After two months delay, the Iranian government has finally released inflation data for the previous year, putting it at 45.8 percent.
Neither the Statistical Center of Iran (SCI) nor the Central Bank of Iran (CBI) had released complete reports on the inflation data until Sunday. The SCI has been the only government entity regularly announcing the inflation rate in the past four years.
The CBI announced late March that the annual inflation rate stood at 46.5 percent but did not mention the point-to-point inflation of the last month of the Iranian year.
Although the official inflation rate announced by the authorities is usually less than what it seems in the market, even 46.5 percent inflation is among the highest in Iran in more than 30 years.
According to the SCI, the reason behind the delay is the process of changing the base year from 1395 to 1400, which ended on March 20, 2022. A base year is used for comparison in the measure of business activity or economic or financial index.
It can also describe the starting point from a point of growth or a baseline for calculating financial transactions. "Due to the changes in the content of the market basket over time, according to international recommendations, it is necessary to change the base year at certain time intervals,” the Statistical Center of Iran had said at the time.
Iranian economist Saeed Laylaz
A report by the Financial Times earlier this month cited political economy analyst Saeed Laylaz as saying that, “it seems the Statistical Centre of Iran was not allowed by higher authorities to publish the inflation rate to avoid admitting that this government has broken the country’s record. The fact is that the government has not been able to curb inflation.”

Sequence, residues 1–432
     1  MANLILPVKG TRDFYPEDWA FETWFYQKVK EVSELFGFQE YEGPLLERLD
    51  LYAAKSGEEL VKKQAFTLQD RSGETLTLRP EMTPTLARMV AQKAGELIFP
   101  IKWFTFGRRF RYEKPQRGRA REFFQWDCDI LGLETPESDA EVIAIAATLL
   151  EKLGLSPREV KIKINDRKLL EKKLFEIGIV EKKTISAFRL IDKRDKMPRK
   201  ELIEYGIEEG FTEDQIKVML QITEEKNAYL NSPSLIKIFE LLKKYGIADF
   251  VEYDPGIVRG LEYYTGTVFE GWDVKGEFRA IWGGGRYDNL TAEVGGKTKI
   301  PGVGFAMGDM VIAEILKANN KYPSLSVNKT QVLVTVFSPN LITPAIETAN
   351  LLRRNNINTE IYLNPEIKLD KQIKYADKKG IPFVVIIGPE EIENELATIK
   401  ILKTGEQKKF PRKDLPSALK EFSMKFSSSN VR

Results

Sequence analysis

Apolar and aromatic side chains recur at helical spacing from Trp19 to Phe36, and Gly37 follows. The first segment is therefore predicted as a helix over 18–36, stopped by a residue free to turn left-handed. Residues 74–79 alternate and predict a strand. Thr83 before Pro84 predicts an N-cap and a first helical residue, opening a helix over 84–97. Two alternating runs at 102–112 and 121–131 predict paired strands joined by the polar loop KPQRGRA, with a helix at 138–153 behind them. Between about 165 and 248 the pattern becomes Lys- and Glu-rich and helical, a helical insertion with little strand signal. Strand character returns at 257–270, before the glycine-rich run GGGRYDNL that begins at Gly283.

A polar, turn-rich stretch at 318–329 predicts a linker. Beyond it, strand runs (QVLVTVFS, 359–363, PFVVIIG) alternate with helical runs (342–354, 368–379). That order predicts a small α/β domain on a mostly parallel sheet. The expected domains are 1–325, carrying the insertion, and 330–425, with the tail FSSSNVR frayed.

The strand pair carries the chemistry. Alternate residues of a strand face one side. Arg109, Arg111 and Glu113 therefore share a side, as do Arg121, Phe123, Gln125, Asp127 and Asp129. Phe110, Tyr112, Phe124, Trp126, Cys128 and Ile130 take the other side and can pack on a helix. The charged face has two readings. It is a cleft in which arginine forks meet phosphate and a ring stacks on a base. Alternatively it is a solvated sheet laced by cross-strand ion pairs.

Analysts noted it would be unusual to apply such a change before the year had ended. The inflation rate earlier announced by the two main sources without putting into account the last month of the Iranian calendar, Esfand – which falls in late March -- was more than the new figure.
Considering the fact that inflation in the month was even more than the average, it seems illogical that the annual average can be lower than the 46.5-percent inflation that was announced.
The Islamic Republic's authorities are trying to use new definitions and indices for the inflation so that the official figures do not increase to numbers that can create panic in the market. The country’s economy has proven especially vulnerable to sociopolitical developments, such as rumors about a possible revival of the nuclear deal or large labor strikes.
Typically associated with socio-political upheaval, a collapse in aggregate supply of needed commodities, or obstacles in exports, Iran’s hyperinflation can be a product of a bevy of disasters facing the government. As the Central Bank prints yet more money, the crisis deepens.
It is the second time Iran recorded such a figure since World War II. Considering the devaluation of the rial from 260,000 against one dollar to about 540,000 in the past year, the inflation rate is expected to hit new highs in the coming months.
The record high in the inflation rate has prompted pundits to foresee hyperinflation for the country this year, which in turn would further erode the value of the rial while seeing an intolerable spike in the cost of living. Food prices have already jumped 70-100 percent in recent months and this upward trend will likely result in people withdrawing their money and investments hooked on local currency and switch to more stable assets.
British-Iranian economist Mohammad Hashem Pesaran, a former professor at the Faculty of Economics at the University of Cambridge, warns that the current unstoppable decline in the value of the national currency and haphazard policies of the government is very likely to trigger mass hyperinflation in Iran.
Even though Iran has one of the world’s largest, and most untapped, sources of oil and gas, Iran would need oil priced at $351.7 a barrel to balance its budget next year, the International Monetary Fund (IMF) said in its latest report released late last month.
In his New Year speech on March 21, Supreme Leader Ali Khamenei dubbed the new year as “the year of bringing inflation under control”, a promise also repeated by President Ebrahim Raisi, but as the country plunges deeper into recession, remains nothing more than words.